Tube Mills: The Secret To Fusing Durability And Speed With High Density Tubing Designs
If you’ve heard of a” Tube Mill,” perhaps you’re wondering what it’s used for and whether or not it could ever be used for your own business or for your own industry. To start, let’s explain the basics of a tube mill, since this is a very important term to know in the world of pipe forming. In its most general sense, a tube mill refers to any type of welding or wire joining machine. In addition, the term can also apply to any type of welded roller-forming machine.
A tube mill has two main types of operation: wet and dry. In the simplest term, a tube mill is simply a type of welded roller-forming machine; but not every welded roller-forming machine is really a tube mill. Tube Mills is essentially welded roller-forming machines that have been “fine-tuned” to work within a particular diameter range, usually at high speeds (see Figure 2).
There are many types of these machines, with varying degrees of complexity and utility. For instance, there are tube mills that can work at higher speeds than 50 rpm, as well as ones that work at low speeds. The difference is primarily dependent upon the type of application. For instance, small pipe mills would work best working with thinwall sheet materials that need to be formed into precise profiles and dimensions. On the other hand, these applications might also require large pipe mills that can handle much thicker materials.
As you can probably imagine, these machines often have many moving parts, which make them very difficult to repair or replace. Fortunately, advances in technology have led to the development of secondary metal injection systems, or TMS, which allow metal sheets to be pressed rapidly through the Tubes, curing the process in much the same way as in-line baking or other types of spinning. The TMS typically consists of a metal plate (the Tubes’ core), a curing chamber (which include the fine metal blades that grind the tubes to the right shape), and a power unit. The TMS provides the exact solution for the application, which is why it has been such a success for the metal fabricating and other manufacturing industries.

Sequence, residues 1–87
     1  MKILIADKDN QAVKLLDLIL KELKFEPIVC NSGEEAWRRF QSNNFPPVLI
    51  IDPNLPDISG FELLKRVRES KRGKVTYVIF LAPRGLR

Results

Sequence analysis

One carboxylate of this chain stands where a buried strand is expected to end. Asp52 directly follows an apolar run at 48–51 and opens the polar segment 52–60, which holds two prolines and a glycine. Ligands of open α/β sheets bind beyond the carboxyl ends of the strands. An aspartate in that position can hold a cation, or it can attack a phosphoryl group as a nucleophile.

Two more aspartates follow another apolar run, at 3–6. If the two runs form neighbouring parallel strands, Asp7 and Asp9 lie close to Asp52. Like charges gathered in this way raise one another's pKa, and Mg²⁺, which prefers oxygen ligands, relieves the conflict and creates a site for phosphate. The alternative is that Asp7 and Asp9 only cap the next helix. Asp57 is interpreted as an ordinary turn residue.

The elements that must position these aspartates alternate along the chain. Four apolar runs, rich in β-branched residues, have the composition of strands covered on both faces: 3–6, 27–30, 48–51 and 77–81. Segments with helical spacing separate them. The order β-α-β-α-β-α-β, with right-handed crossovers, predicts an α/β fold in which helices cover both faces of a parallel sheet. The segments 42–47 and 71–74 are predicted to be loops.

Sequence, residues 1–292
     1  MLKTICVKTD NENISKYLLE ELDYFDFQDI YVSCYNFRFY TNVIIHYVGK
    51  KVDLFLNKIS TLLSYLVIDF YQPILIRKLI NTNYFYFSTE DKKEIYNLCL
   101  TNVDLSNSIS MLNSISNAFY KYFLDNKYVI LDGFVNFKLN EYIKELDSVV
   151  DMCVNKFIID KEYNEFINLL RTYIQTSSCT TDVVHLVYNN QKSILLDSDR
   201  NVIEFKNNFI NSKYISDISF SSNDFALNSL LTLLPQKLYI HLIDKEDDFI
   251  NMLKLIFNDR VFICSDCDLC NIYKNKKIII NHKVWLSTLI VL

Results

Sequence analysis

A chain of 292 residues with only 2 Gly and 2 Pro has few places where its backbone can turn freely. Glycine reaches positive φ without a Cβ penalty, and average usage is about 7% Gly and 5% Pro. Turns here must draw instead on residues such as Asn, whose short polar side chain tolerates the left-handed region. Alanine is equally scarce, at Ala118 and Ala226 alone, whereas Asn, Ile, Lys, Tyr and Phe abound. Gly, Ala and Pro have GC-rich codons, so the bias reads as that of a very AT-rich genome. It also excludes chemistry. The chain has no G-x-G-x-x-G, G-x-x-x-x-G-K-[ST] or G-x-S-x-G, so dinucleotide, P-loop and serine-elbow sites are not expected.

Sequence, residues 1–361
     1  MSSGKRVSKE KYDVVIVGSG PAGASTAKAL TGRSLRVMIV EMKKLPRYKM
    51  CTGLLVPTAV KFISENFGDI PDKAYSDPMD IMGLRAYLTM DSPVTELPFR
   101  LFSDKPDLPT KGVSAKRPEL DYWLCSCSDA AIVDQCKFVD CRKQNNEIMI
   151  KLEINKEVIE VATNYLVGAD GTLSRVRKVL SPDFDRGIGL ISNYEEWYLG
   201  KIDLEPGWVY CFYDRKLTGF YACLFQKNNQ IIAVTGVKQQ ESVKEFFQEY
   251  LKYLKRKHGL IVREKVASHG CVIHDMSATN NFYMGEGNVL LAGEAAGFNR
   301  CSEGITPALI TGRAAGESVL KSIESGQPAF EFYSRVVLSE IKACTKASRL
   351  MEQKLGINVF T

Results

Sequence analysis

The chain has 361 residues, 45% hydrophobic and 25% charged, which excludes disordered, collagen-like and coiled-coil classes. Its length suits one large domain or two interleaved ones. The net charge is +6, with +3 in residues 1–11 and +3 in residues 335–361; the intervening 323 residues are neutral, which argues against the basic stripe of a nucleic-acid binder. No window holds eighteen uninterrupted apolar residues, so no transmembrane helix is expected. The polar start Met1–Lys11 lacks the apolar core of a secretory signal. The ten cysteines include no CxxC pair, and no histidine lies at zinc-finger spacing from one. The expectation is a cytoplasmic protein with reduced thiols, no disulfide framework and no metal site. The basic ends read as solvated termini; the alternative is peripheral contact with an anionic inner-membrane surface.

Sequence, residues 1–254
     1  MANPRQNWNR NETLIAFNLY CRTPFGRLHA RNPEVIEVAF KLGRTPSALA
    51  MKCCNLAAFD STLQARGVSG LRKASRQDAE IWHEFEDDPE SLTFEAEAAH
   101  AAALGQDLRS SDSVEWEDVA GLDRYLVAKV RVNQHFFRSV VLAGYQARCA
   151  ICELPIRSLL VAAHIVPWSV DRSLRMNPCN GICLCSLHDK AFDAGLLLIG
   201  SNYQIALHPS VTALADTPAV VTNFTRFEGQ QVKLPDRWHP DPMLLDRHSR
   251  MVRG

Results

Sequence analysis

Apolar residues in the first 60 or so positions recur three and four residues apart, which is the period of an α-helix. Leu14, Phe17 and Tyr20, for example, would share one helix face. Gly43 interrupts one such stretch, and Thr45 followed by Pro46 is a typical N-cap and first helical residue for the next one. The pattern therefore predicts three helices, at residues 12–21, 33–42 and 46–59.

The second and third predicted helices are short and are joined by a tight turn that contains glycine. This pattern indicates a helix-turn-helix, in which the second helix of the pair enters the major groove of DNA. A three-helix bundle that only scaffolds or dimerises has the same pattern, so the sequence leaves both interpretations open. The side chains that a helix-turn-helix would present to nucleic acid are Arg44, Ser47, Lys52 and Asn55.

The benefits of TMS are twofold: first, the large number of forming operations that can take place in a given day (relatively few machine cycles are required); and second, the consistent, reliable performance over a wide range of diameter ranges. In other words, TMS allows for a large range of sizes in the diameter range of the completed tubes. Furthermore, because of the consistent nature of the operation, TMS does away with the need for costly maintenance and cleaning. Finally, TMS offers a unique solution that doesn’t compromise on speed or reliability, and as a result, TMS milling machines are highly suited to forming tubing at extremely high speed.
There are two types of Tubes, and each type has its own characteristics that make them superior to one another. Flush coated tubes are those that have a smooth inner surface and are used to form a variety of products, including brass, PVC, and tubing with a fine texture. Shot peened tubes, on the other hand, feature a tapered, flanged design that can be utilized to form brass, PVC, and other flexible tube materials. With the wide range of uses that these tube mills can provide, no other manufacturing method can quite match the speed and consistency with which TMS can work.